The End of Faith

Religion, Terror, and the Future of Reason

by Sam Harris

Featured in Mountain Record 24.2, Winter 2006

My goal in writing The End of Faith: Terror and the Future of Reason has been to help close the door to a certain style of irrationality. While religious faith is the one species of human ignorance that will not admit of even the possibility of correction, it is still sheltered from criticism in every corner of our culture. Forsaking all valid sources of information about this world (both spiritual and mundane), our religions have seized upon ancient taboos and prescientific fancies as though they held ultimate metaphysical significance. Books that embrace the narrowest spectrum of political, moral, scientific, and spiritual understanding—books that, by their antiquity alone, offer us the most dilute wisdom with respect to the present—are still dogmatically thrust upon us as the final word on matters of the greatest significance. In the best case, faith leaves otherwise well-intentioned people incapable of thinking rationally about many of their deepest concerns; at worst, it is a continuous source of human violence. Even now, many of us are motivated not by what we know but by what we are content merely to imagine. Many are still eager to sacrifice happiness, compassion, and justice in this world, for a fantasy of a world to come. These and other degradations await us along the well-worn path of piety. Whatever our religious differences may mean for the next life, they have only one terminus in this one—a future of ignorance and slaughter.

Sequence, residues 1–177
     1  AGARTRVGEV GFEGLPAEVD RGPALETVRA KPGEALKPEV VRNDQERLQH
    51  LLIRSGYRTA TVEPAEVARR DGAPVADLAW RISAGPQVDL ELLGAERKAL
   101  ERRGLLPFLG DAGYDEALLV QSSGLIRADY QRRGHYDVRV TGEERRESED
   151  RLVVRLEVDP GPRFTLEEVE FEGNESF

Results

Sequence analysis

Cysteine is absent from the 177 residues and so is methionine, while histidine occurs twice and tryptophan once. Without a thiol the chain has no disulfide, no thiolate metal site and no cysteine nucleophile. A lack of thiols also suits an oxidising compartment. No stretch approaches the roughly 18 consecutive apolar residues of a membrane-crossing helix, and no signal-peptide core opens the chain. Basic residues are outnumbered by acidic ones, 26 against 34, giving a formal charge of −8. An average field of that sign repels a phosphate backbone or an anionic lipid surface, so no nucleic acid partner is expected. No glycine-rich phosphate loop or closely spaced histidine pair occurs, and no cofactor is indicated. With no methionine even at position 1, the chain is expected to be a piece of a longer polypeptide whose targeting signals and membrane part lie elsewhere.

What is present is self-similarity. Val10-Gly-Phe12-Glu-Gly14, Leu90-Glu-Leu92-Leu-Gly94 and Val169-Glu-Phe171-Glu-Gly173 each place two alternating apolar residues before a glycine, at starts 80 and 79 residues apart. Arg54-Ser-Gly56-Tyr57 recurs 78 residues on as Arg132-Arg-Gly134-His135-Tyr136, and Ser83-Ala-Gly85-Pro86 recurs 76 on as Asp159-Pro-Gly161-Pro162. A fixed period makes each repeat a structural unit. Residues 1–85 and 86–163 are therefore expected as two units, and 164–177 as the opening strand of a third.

We live in societies that are still constrained by religious laws and threatened by religious violence. What is it about us, and specifically about our discourse with one another, that keeps these astonishing bits of evil loose in our world? We have seen that education and wealth are insufficient guarantors of rationality. Indeed, even in the West, educated men and women still cling to the blood-soaked heirlooms of a previous age. Mitigating this problem is not merely a matter of reining in a minority of religious extremists; it is a matter of finding approaches to ethics and to spiritual experience that make no appeal to faith, and broadcasting this knowledge to everyone.

Of course, one senses that the problem is simply hopeless. What could possibly cause billions of human beings to reconsider their religious beliefs? And yet, it is obvious that an utter revolution in our thinking could be accomplished in a single generation: if parents and teachers would merely give honest answers to the questions of every child. Our doubts about the feasibility of such a project should be tempered by an understanding of its necessity, for there is no reason whatsoever to think that we can survive our religious differences indefinitely.

Imagine what it would be like for our descendants to experience the fall of civilization. Imagine failures of reasonableness so total that our largest bombs finally fall upon our largest cities in defense of our religious differences. What would it be like for the unlucky survivors of such a holocaust to look back upon the hurtling career of human stupidity that led them over the precipice? A view from the end of the world would surely find that the six billion of us currently alive did much to pave the way to the Apocalypse.